Fastballs are considered to be the easiest pitch to bunt and on the other end of the spectrum lie breaking balls. As to platoon effects on pitch types, almost no difference can be detected other than fastballs, where 2 to 3 percentages of gap is detected. Another note is right-handed pitchers' breaking balls to right-handed hitters, where the rate drops down to 33.7% on 1,413 pitches.

You may wonder whether this difference is caused by the potential bias in batting counts, but when I tried to factor it into the calculation the effect still held true mostly, and that's why I display the combined figure to improve its visibility.

Investigating inside each specific bin, four-seamers are easier to bunt than other pitches in the bin (around a couple of percentage points; this is one reason bunting against GB pitchers is tougher as you've seen first in this article).



When an opposing batter looks like trying to do a sac bunt, where in the zone should a pitcher throw? The above graph shows the bunt success rate sees its pinnacle down the middle horizontally whereas the further pitches are away from a hitter's body the harder they are to bunt, and in terms of vertical location the ball thrown closer to the ground induces more failed bunts. Actually, this trend holds true whether what types of pitches are thrown and is also irrespective of an opposing pitcher's handedness, both vertically and horizontally.


How about velocity? Conventional wisdom says that the faster the fastball is thrown, the harder to bunt (or hit, anyway). Does this hold true?


This theory is supported by the graph above. Successful bunt rate drops down when the fastball is thrown with faster speed, though you have to caution yourself that there are great uncertainty at the speed of 95 mph or more because such fast pitches are not often seen in that range. Breaking balls are relatively constant with respect to relationship between velocity and bunt success rate. On changeups, you can find a bit awkward dip around early-80 mph. I'll explain more on this later.



As to the vertical movement, it is generally harder to bunt if the ball is thrown with more downward movement. In fastballs, you can see the highest success rate around +9 inches, which is the point that most four-seam fastballs are thrown. Change-ups also see its peak on a point where most pitches of that ilk are thrown (check out density estimate on the left side of the plot). Breaking balls, however, looks consistently declining, being irrelevant of the distribution of pitches thrown. This is caused by the fact that lots of pitches on the upper part of the distribution that are classified sliders are actually cutters, and remember that cutters are much easier to bunt than breaking balls.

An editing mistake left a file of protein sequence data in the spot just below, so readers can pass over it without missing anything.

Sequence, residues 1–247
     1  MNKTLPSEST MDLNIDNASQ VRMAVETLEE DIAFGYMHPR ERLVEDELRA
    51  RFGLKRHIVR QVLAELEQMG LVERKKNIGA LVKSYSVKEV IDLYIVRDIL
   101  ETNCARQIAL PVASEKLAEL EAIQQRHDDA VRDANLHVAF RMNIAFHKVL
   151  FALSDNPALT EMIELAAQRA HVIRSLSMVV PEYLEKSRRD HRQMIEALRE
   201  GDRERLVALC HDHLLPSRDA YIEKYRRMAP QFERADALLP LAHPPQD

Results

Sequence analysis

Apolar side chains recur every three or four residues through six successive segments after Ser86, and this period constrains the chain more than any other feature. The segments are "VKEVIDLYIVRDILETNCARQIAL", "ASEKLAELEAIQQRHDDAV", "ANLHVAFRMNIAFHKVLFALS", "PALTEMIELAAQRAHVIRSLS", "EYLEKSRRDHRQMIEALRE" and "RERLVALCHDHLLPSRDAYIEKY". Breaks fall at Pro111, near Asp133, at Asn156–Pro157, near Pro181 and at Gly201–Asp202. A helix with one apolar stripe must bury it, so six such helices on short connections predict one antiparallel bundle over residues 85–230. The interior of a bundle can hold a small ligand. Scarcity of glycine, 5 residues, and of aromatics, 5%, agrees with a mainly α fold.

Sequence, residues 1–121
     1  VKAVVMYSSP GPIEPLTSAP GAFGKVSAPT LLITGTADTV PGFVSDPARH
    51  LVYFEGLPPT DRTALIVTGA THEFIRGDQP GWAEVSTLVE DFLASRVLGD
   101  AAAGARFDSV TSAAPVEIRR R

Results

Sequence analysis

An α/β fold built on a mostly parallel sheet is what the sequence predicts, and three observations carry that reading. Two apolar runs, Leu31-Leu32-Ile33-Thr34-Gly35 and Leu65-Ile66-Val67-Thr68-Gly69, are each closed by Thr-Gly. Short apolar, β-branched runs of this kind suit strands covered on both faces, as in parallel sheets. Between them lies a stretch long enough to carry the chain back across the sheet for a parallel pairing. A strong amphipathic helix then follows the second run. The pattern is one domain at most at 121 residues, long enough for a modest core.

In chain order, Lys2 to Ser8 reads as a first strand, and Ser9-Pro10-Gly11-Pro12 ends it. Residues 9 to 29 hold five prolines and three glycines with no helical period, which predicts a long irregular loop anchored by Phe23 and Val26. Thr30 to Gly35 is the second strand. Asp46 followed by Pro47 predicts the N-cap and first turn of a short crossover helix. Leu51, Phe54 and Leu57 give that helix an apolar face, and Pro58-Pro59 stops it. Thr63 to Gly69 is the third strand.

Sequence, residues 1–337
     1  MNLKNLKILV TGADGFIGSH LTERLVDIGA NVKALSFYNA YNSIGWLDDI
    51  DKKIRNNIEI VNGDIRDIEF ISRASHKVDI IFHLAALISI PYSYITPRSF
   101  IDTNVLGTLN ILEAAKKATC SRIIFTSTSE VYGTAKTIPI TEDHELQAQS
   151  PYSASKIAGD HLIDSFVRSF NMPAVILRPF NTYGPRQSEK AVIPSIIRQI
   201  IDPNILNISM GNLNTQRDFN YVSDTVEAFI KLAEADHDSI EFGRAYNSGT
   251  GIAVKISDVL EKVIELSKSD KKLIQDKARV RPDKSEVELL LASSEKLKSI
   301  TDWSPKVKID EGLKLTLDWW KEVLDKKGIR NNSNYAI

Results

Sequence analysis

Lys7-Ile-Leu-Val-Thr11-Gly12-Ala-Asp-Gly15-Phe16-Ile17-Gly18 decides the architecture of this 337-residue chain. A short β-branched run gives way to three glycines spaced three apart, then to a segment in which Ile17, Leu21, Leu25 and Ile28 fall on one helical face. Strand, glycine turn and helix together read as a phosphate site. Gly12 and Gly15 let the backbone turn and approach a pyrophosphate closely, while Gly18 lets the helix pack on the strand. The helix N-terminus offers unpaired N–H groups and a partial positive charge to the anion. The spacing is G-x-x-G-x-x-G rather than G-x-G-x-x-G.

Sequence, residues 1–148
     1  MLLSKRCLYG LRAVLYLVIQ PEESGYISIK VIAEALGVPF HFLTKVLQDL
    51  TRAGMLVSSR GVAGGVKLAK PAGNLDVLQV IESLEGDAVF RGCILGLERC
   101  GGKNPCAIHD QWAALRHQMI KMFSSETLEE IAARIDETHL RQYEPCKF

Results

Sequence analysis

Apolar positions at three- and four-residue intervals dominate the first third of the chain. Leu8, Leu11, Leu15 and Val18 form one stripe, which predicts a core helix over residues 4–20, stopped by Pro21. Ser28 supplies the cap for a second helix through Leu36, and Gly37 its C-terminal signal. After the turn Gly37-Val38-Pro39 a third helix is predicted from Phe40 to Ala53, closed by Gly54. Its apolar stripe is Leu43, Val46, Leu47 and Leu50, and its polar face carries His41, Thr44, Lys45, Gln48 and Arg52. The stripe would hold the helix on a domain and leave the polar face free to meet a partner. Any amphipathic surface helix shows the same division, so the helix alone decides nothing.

For the obvious reason, I restricted my sample to only righty-vs-righty match-up for horizontal movement. However, you're not able to see much of a meaningful result as my sample consistes of only 7,986 pitches and once you sliced it to three separated pitch category and given that on top of that there are a wide variety of values (from -10 to 10 mostly) seen in the range of pitch movement, you cannot take a look at the graph to come to any conclusion with decent certainty. However, doing nothing is always worse than attempting to detect some patterns even from less helpful dataset. So what kind of patterns can you see?


Like the plot of the vertical movement, the success rate is highest at the point that most pitches are thrown within each specific bin other than breaking balls, which see its trough instead. As I stated in the last paragraph I extracted only right-handed hitters and pitchers, though if the handedness of hitters are deregulated the similar tendency was detected. I doubt most pitchers, if any, can control the movement of their pitches at their disposal within the range of a few inches (at least until some comprehensive analyses are conducted and published), so anyway you would be better off just separating on each particular pitch types level rather than pursing too far into movement values.